[now near tears, she embraces him]
HARRY: Emily ... I love you!
[cut to Emily (without Harry) sitting in a bunker while writing to her penpal]
EMILY: [in voice over] "Dear Ann, I am approaching another August twelfth. But unlike the agony of last year, when Harry's unit was stationed here in England, this year my darling is in Alexandria, Egypt. Five thousand long long miles from that house, near Point Louasse."
[Harry suddenly walks down the stairs and kneels down next to her]
HARRY: Hello ...
[she looks up from her writings in shock]
HARRY: Yes, it's me. It's really me! They flew a company of us back for special training at a camp nearby, very hush hush! But I'll tell you one thing, there's gonna be plenty of long weekend leaves!
[she simply stares at him]
HARRY: Well, aren't you even a tiny bit glad to see me?
[suddenly overcome with emotion, she hugs him]
EMILY: Oh, Harry!
[cut to a closeup of Emily's face]
EMILY: [whispers] So, it's to be this August twelfth ...
[cut to Harry sitting in a chair in his home, nervously smoking a cigarette]
EMILY: [from off camera] Harry ... Harry?
HARRY: Yes, I'm right here.
[she enters (her hair no longer in a bun, but worn down) and they embrace]
EMILY: I woke up, you weren't there ... I thought you'd gone without saying goodbye!
HARRY: Now, would I do a thing like that?
EMILY: I really wouldn't blame you. I've made our weekends here so miserable ...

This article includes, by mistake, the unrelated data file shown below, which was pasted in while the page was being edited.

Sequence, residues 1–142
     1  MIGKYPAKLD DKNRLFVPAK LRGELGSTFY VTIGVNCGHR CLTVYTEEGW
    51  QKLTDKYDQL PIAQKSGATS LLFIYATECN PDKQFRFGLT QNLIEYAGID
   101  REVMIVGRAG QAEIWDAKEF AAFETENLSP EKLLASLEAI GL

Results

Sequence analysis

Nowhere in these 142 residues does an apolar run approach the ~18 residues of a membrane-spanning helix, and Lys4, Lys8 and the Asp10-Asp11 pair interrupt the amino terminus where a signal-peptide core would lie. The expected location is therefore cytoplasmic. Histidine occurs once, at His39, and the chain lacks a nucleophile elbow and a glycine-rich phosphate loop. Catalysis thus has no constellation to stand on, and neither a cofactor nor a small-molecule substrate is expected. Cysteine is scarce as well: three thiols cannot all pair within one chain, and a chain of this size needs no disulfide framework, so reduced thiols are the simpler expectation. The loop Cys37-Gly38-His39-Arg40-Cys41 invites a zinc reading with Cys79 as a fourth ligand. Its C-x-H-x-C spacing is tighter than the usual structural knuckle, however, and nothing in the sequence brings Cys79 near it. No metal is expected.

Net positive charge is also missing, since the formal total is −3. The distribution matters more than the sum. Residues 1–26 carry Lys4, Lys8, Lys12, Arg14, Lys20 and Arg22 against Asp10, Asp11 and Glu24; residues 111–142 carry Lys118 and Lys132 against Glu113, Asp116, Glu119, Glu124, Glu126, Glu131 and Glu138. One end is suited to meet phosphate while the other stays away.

[they kiss]
EMILY: Why are you up so early?
HARRY: Hmm? Oh, couldn't sleep.
HARRY: No reason.
EMILY: How long have you been awake?
HARRY: I don't know.
EMILY: It's almost five. I'd best start breakfast.
[she gets up and walks over to the kitchen]
HARRY: Emily ...
HARRY: Y'know, in that dream of yours ... uh, I was a captain, wasn't I?
EMILY: That's right ... Thank heaven you're just a leftenant. If some things are wrong, maybe everything's wrong.
[he walks over and tries to nonchalantly continue the conversation (while lighting another cigarette)]
HARRY: Also, uh, where was that landing to take place again?
[she turns to him with a pensive stare]
HARRY: Oh, now don't look so serious!
EMILY: What is it, Harry?
HARRY: Nothing! Well, after all, it's such a spectacular dream, I like to check up on it from time to time ... Just to keep the facts straight.
[she turns away]
EMILY: You know the dream as well as I. You know it's Point Louasse.
HARRY: [pause] We're gonna land in Norway.
[she turns back with a relieved smile on her face]
EMILY: What?
HARRY: Somewhere near Bergen.
EMILY: Darling!
HARRY: Sometime in November.
[they embrace, but then she pulls back]
EMILY: Is that true?
HARRY: Well, of course.
EMILY: Why didn't you tell me before?
HARRY: I can get court-marshalled for even telling you now!
EMILY: Harry ... if you ever lied to me about this--
HARRY: I wouldn't!
EMILY: Yes, you would.
HARRY: Alright ... On some distant August twelfth, when GHQ says "Off to Point Louasse, boys!", I shall instantly phone you and say "Guess what?" And what good would that do?